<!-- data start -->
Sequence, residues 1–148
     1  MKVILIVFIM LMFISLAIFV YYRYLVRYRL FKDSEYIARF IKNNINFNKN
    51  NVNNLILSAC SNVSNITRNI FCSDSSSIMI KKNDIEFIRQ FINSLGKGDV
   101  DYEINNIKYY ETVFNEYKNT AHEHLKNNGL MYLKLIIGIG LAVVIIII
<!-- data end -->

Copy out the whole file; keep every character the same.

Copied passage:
Sequence, residues 1–148
     1  MKVILIVFIM LMFISLAIFV YYRYLVRYRL FKDSEYIARF IKNNINFNKN
    51  NVNNLILSAC SNVSNITRNI FCSDSSSIMI KKNDIEFIRQ FINSLGKGDV
   101  DYEINNIKYY ETVFNEYKNT AHEHLKNNGL MYLKLIIGIG LAVVIIII